by: D Ionescu from: Auckland-New Zealand
July 05, 2012 03:00
PLEASE HELP ROMANINA AND SAVE IT DEMOCRACY. Actually my country is in the same situation which was in 1933 in Germany. The actual Prime Minister victor ponta and crin antonescu, use the same steps as well as hitler used to take the absolute power.

D Ionescu,
Auckland, New Zealand
In Response

by: Rupert Wolfe Murray from: Romania
July 14, 2012 19:56
At least Hitler was elected by his people.

by: Eugenio from: Vienna
July 05, 2012 05:33
"Fears about the state of Romania's democracy"??? Strange, I thought that after having joined the EU - this community of nations blessed by God where everyone is happy and everything just always gets only better - Romania, Hungary and other CEECs were going to blossom like the lotus flower in the Spring. And what we are witnessing instead are (a) ever more salary cuts, (b) ever lower living standards for the population, and (c) "the creeping Putinization" as some Western "think"-tank recently caracterized the situation in the neighbouring Hungary.
Anyways, guys from the RFE/RL, you have done a great job promoting democracy in the region over the last 20 years - congratulation!
In Response

by: Eugenio from: Vienna
July 06, 2012 14:31
And don't forget that the movie Borat was filmed in Romania. That's because the glorious nation of Kazakhstan is modern and industrialized, while EU member Romania is an overgrown Gypsy village.

by: Cami from: Bucharest
July 05, 2012 06:37
This article has one big flaw: it laks balance. True, the coalition in power has taken some steps at the limit of the law but there's no mention of the blunt and repeted attacks of president Basescu on each and every institution in Romania, or the fapt that he replaced the heads of every public institution, or the fact that the leadership of the 2 chambers of Parlament did not reflect the new parlamentary majority anymore, or the fact that The Constitutional Court atributions had been extended by the former government in order to protect the president from beeing sacked, or the fact that every law passed by the Parlament ellected by the people, needed approval from a handful of people in the Constituional Court, or the fact that the law concerning the popular referendum was changed by the former political power and the same Constitutional Court controlled by the president, in order to protect the president form the popular will (the president is elected by 50% plus one of the people who express their vote, about 5 million, but in case of referendum on weather the president should go, it has to be 50% plus one of the people who have the right to vote, about 9 million!!!!!!!!!!). And the list of blunt attacks by the president and his party on the independence of justice and the managmement of public affairs in Romania could continue...But nobody cares to check the facts!!!!!!!!!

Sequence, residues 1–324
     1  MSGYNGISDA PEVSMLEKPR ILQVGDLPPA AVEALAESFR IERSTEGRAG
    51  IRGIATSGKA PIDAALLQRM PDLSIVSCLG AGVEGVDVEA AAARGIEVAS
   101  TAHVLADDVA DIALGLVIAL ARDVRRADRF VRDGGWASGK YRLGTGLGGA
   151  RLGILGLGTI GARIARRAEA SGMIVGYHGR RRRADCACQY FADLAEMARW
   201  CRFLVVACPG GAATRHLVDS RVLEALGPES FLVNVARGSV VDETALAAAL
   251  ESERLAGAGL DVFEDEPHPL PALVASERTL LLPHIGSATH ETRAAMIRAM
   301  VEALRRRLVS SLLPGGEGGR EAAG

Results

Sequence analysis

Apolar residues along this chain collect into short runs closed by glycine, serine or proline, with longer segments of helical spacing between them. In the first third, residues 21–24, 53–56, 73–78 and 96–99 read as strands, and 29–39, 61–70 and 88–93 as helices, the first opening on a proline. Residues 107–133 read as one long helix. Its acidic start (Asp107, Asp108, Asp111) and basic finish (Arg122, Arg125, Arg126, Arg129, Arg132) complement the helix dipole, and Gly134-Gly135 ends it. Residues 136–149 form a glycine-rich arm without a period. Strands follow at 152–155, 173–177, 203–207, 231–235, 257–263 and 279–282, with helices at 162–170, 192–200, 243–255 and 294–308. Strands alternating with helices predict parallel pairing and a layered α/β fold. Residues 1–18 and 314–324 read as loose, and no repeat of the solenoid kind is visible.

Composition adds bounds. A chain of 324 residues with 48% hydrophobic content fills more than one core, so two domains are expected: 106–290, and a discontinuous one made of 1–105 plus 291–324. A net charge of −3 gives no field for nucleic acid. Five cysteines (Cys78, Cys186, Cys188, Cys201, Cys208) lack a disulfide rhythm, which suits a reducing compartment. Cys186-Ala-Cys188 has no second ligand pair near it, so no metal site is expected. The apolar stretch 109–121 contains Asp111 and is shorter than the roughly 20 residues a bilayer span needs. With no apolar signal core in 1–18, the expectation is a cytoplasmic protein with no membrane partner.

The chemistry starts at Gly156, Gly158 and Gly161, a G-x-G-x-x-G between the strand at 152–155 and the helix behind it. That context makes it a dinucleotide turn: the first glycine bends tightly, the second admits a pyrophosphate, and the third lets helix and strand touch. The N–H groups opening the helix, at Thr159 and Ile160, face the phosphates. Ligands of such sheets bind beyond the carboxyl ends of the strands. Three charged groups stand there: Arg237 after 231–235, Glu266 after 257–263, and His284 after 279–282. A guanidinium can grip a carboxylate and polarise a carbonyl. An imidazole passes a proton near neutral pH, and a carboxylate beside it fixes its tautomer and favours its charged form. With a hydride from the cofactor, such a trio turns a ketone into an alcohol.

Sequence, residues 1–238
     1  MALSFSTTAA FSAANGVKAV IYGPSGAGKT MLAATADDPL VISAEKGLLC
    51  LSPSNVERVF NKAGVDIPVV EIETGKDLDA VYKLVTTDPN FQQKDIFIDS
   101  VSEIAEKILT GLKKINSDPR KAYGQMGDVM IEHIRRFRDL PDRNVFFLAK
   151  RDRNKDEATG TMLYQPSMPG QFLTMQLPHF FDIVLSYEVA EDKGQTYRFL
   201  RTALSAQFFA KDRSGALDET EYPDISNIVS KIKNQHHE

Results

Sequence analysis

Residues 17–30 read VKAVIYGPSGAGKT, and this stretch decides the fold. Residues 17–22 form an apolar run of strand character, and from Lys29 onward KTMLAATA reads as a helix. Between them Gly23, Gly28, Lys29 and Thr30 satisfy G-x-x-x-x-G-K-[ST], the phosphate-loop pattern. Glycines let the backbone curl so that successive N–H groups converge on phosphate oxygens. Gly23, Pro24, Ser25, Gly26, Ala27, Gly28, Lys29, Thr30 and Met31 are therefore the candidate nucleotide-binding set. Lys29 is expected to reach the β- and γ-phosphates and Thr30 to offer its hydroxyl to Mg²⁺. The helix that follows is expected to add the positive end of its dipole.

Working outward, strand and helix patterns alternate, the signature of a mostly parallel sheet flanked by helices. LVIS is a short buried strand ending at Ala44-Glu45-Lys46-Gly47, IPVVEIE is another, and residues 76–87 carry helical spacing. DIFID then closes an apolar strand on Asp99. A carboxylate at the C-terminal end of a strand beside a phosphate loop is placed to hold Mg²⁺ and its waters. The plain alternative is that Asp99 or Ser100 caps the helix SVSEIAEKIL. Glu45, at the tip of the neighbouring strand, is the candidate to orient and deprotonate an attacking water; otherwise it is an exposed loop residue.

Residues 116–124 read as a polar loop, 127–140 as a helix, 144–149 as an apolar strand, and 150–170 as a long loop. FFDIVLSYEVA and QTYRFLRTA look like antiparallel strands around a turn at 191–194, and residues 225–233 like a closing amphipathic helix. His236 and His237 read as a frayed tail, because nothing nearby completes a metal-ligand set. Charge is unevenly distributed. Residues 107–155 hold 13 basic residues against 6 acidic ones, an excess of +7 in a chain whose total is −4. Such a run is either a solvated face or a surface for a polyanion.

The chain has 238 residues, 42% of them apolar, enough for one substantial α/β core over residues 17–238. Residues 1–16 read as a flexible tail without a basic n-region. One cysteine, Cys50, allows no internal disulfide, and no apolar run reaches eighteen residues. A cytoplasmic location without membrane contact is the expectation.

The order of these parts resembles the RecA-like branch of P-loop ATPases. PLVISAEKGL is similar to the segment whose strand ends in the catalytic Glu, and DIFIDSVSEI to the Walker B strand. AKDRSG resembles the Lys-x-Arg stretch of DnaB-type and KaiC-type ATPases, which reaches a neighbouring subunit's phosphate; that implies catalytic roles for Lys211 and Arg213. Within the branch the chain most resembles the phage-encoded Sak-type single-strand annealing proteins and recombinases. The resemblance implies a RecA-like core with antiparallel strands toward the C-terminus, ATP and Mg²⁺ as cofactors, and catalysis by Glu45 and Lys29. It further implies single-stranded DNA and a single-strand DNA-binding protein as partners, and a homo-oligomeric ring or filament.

In Response

by: MB from: US
July 05, 2012 18:22
"At the limit of the law???" It has repeatedly *broken* the law and the constitution!!!

by: thealore from: Romania
July 06, 2012 12:11
This is a very nice circus, but the question is what is going on behind the scenes. Certainly, it points a lot further than national level. The answers lie in international hands.
In Response

by: Goe from: Europe
July 06, 2012 13:45
What is behind the scenes? Isn't it obvious?
It's nothing else than a desperate attempt to save Adrian Nastase (PSD leader) and Voiculescu (PC leader) from going to jail.

by: Eugen Tomiuc
July 06, 2012 14:06

Since you seem concerned about fact-checking:

The international community, and the EU in particular, has repeatedly commended the political power in Romania -- whether the Presidency or the center-right government -- for its steps to ensure an independent judiciary. I may remind you that when Romania was admitted into the EU there were reservations exactly because of the corruption and independence of the judiciary, areas where the EC had kept flags even after Romania became a member.

According to all experts and international officials, Romania has made huge strides in ensuring an independent judiciary since 2005.

The recent sentencing of former PM Nastase to jail for corruption has been seen as proof that Romania's judiciary has started working.

However, if you are in possession of clear evidence that violations of the rule of law have taken place, we will be more than willing to check and report. Thank you for your continued interest in RFE/RL.

by: S
July 16, 2012 15:11
All comments seem to be made by romanians. What's up guys, did you just relocated the anti-Basescu vs. pro-Basescu argue onto a foreign news site?